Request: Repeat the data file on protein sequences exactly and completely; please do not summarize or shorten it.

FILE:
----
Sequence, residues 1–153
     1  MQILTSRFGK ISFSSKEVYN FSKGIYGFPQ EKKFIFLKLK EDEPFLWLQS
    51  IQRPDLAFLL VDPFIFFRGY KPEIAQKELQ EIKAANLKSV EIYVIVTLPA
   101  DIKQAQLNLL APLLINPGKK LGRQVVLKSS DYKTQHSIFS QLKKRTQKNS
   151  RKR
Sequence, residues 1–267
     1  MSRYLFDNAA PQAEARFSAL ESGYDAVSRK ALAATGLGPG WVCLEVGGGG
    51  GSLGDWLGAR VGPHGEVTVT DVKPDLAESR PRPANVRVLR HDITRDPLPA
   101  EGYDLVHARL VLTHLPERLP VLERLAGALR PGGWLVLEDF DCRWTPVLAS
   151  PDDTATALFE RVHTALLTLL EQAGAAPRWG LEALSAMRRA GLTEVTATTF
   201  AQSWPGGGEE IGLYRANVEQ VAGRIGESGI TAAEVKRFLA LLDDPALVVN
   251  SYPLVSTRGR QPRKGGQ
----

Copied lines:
Sequence, residues 1–153
     1  MQILTSRFGK ISFSSKEVYN FSKGIYGFPQ EKKFIFLKLK EDEPFLWLQS
    51  IQRPDLAFLL VDPFIFFRGY KPEIAQKELQ EIKAANLKSV EIYVIVTLPA
   101  DIKQAQLNLL APLLINPGKK LGRQVVLKSS DYKTQHSIFS QLKKRTQKNS
   151  RKR
Sequence, residues 1–267
     1  MSRYLFDNAA PQAEARFSAL ESGYDAVSRK ALAATGLGPG WVCLEVGGGG
    51  GSLGDWLGAR VGPHGEVTVT DVKPDLAESR PRPANVRVLR HDITRDPLPA
   101  EGYDLVHARL VLTHLPERLP VLERLAGALR PGGWLVLEDF DCRWTPVLAS
   151  PDDTATALFE RVHTALLTLL EQAGAAPRWG LEALSAMRRA GLTEVTATTF
   201  AQSWPGGGEE IGLYRANVEQ VAGRIGESGI TAAEVKRFLA LLDDPALVVN
   251  SYPLVSTRGR QPRKGGQ